ASTM E1256 - 88, Standard Test Methods for Radiation Thermometers (Single Waveband Type). A standard by which Raytek products are tested and calibrated for accuracy, repeatability, resolution, target size, response time, warm-up time, and long-term drift.

Atmospheric Windows
The spectral bands in which the atmosphere least affects the transmission of radiant energy. The spectral bands are 0.4 to 1.8, 2 to 2.5, 3 to 5, and 8 to 14 micrometers.

Background Radiation
Radiation that enters an instrument from sources other than the intended target. Background radiation can enter due to reflections from the target or scattering within the instrument.

An ideal thermal radiator that absorbs all of the radiation incident thereon, and the radiant emission from which is quantified by Planckís Radiation Law.

Calibration Procedure
A procedure that is performed to determine and set the parameters affecting an instrument's performance in order to ensure its designed function within prescribed limits.

Calibration Source

Carnot Cycle
An ideal heat engine that converts thermal energy to mechanical work with the greatest efficiency that can be achieved.

Celsius or C
The temperature scale in which the temperature in Celsius (TC) is related to the temperature in Kelvin (TK) by the formula; TC = TK -273.15. The freezing point of water at standard atmospheric pressure is very nearly 0?C, and the corresponding boiling point is very nearly 100?C. Formerly known as centigrade temperature scale.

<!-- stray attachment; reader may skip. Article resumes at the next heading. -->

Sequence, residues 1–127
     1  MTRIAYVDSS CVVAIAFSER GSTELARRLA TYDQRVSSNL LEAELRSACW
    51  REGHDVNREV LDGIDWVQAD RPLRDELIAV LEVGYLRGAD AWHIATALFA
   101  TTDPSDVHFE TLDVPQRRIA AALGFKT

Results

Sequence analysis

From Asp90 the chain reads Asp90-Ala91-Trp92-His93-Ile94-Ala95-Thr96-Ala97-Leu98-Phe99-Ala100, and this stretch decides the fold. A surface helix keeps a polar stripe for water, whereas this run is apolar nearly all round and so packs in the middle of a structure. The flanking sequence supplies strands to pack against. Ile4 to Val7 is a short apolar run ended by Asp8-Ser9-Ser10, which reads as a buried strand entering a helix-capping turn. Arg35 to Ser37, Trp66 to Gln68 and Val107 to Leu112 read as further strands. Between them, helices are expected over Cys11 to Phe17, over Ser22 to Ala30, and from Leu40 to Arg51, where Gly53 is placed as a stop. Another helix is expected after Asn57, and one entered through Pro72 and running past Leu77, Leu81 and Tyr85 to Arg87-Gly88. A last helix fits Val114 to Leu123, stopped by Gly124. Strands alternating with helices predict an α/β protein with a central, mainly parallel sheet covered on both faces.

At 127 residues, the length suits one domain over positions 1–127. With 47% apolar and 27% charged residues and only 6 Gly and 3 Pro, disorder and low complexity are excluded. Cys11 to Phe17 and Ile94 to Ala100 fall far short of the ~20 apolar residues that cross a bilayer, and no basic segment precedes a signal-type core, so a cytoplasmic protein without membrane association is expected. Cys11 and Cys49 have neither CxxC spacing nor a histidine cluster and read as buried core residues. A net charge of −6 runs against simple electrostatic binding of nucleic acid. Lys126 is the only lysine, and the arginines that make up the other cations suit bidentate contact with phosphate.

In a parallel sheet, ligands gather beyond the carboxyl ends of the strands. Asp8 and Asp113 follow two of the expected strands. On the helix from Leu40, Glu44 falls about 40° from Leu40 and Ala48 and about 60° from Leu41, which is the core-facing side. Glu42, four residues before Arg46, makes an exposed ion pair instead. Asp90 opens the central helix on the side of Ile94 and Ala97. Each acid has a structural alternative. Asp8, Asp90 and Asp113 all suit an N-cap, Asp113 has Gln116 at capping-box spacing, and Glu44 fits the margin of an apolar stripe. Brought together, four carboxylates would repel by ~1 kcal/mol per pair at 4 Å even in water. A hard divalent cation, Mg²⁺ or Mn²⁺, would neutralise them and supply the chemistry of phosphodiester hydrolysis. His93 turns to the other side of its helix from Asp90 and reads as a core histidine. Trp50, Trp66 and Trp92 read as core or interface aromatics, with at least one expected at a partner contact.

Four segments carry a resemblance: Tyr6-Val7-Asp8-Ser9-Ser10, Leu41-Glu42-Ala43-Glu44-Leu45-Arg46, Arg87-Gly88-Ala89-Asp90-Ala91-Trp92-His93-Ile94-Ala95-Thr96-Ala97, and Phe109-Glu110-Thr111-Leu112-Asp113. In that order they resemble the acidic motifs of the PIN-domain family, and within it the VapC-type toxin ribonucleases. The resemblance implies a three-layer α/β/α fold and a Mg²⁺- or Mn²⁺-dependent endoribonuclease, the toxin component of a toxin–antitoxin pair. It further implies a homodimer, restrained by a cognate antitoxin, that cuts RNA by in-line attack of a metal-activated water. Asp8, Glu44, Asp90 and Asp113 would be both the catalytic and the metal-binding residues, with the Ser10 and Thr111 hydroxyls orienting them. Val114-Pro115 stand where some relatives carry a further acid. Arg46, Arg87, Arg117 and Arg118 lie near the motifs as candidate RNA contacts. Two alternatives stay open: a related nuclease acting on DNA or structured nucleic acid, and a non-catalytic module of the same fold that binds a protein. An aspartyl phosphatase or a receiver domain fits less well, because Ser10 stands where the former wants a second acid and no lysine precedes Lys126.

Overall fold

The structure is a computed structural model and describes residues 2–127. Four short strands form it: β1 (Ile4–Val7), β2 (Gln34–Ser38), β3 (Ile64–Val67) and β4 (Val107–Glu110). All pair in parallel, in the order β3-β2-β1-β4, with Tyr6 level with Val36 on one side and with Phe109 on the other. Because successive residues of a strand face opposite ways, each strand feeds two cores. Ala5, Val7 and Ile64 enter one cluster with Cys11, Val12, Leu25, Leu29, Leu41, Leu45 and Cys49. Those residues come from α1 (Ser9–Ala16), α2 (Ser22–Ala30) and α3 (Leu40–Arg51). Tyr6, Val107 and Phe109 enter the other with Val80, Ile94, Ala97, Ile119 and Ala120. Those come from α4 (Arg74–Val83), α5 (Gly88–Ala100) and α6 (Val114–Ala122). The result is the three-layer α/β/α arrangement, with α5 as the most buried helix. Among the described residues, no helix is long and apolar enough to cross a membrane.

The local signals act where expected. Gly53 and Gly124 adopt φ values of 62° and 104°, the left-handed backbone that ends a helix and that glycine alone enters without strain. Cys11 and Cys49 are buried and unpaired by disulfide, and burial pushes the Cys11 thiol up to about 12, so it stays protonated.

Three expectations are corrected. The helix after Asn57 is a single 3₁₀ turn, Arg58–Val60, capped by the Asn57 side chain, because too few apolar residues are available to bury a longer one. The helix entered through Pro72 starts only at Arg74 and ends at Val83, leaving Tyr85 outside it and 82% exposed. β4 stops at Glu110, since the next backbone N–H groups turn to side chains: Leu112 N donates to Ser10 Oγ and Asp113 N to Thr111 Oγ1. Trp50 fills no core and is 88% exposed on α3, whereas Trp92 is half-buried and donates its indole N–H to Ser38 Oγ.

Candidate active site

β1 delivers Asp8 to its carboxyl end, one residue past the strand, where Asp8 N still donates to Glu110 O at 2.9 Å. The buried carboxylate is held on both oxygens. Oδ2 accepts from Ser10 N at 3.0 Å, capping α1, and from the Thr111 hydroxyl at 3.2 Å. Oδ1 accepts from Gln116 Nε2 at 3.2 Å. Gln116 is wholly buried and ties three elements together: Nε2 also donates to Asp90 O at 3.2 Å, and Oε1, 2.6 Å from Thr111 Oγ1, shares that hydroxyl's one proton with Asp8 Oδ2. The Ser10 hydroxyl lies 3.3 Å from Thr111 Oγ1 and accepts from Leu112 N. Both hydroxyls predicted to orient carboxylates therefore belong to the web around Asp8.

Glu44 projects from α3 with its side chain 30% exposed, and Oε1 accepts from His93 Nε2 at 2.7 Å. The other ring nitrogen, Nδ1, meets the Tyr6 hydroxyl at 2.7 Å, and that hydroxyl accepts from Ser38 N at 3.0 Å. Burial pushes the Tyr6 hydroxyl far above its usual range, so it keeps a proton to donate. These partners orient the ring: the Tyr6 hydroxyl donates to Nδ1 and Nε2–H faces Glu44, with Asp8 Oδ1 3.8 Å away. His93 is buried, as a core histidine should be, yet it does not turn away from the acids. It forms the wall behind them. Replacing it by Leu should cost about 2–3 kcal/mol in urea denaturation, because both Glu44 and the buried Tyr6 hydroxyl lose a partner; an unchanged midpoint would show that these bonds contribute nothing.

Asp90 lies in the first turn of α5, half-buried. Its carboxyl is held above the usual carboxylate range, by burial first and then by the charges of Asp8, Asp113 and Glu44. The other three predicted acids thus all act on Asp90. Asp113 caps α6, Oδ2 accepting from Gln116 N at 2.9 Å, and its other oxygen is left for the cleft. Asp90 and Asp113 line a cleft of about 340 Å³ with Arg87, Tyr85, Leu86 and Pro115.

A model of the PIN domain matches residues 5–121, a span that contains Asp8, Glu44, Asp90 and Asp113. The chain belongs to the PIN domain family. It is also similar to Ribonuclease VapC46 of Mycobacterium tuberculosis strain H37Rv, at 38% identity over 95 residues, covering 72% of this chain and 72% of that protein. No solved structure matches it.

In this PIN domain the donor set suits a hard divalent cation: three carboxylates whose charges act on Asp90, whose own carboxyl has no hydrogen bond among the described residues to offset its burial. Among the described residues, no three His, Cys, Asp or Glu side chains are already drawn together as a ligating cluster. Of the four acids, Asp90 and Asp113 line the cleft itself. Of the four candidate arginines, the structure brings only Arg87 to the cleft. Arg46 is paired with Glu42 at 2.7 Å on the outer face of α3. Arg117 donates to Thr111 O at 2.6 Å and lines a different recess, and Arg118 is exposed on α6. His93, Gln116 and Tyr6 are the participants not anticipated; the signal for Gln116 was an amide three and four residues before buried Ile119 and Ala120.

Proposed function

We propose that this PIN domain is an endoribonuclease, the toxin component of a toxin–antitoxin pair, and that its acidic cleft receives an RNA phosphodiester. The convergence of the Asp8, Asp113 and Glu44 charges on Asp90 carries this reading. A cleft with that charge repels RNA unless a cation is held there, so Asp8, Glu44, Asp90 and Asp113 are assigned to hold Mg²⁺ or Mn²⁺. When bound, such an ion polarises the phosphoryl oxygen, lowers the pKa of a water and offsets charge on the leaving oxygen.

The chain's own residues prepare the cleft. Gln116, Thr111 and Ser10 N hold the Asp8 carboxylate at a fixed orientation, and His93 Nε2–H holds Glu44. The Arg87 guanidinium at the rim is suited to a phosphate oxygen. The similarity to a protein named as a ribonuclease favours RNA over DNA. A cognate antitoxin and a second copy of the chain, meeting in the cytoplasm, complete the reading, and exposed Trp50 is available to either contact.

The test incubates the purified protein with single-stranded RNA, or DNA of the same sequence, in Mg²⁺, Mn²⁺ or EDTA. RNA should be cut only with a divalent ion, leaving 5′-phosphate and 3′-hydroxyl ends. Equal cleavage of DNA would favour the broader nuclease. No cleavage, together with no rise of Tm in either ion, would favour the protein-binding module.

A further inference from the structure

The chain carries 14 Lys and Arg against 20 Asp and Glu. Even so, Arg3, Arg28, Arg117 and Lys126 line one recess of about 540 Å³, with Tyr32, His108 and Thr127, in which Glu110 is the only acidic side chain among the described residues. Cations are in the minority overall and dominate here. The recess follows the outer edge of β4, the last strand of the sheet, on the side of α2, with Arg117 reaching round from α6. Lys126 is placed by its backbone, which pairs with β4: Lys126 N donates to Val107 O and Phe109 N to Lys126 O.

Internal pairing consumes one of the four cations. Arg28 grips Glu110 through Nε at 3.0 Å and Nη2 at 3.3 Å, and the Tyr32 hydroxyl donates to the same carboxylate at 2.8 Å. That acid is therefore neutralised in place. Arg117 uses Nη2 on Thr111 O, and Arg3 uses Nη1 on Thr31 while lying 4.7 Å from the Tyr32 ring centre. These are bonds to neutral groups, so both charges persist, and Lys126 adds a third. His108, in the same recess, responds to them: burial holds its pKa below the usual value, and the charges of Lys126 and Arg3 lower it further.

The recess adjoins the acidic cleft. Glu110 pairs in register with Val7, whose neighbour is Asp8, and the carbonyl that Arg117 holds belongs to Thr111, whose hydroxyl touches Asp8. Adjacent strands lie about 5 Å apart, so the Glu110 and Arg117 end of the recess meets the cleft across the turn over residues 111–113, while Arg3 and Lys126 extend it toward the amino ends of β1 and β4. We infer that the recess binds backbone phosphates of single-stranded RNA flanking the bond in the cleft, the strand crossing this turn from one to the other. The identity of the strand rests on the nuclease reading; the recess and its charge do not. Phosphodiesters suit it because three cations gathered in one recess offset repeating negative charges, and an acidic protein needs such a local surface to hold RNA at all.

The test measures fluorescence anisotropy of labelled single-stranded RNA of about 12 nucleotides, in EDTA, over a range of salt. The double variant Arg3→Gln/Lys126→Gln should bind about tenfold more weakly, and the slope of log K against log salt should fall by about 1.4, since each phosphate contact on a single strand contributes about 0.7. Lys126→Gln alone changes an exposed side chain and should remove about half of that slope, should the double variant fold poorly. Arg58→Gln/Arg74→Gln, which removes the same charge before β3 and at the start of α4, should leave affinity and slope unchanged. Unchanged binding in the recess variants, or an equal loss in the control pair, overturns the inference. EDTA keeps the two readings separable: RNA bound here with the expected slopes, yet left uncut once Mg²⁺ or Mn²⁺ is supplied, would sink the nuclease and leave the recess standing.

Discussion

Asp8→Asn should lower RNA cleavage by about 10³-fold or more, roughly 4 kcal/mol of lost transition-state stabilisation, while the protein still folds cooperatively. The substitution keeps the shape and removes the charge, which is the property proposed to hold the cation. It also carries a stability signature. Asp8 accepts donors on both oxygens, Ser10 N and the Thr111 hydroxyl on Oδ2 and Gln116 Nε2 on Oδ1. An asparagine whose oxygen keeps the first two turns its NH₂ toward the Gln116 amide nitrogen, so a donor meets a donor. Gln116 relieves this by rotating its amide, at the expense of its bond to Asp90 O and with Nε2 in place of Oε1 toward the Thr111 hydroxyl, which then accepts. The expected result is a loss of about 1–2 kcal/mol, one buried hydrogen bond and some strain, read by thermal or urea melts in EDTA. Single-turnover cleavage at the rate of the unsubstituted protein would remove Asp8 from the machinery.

Color Temperature
The temperature of a black body from which the radiant energy has the same spectral distribution as that from a surface.

Colored Body or Non Gray Body
A source of thermal emission for which the emissivity depends on wavelength and is not constant.

Comparison Pyrometry
Method of radiation thermometry wherein the temperature of a calibrated source is changed until the radiation received from the source is the same as that from the target to determine the temperature of the target.

A form of communications wherein a pair of wires is used to transmit the signal as a current. Levels of 4 to 20 mA are often used to indicate the minimum and maximum signal level, respectively. Sometimes, for digital applications, various magnitudes of mA current are used to indicate a logical 1 and 0. The current loop is often characterized by a maximum impedance of the device that is connected to the loop.

Optical resolution expressed as a ratio of the distance to the resolution spot divided by the diameter of the spot.

Temperature band (?) about the set point, wherein an alarm output or relay can not change state, thus providing hysteresis.

Transducer which produces a voltage or current proportional to the electromagnetic energy incident upon it. See also Thermopile, MCT, Thermoelectric Cooled, Pyroelectric, and Lead Selenide and Si detectors.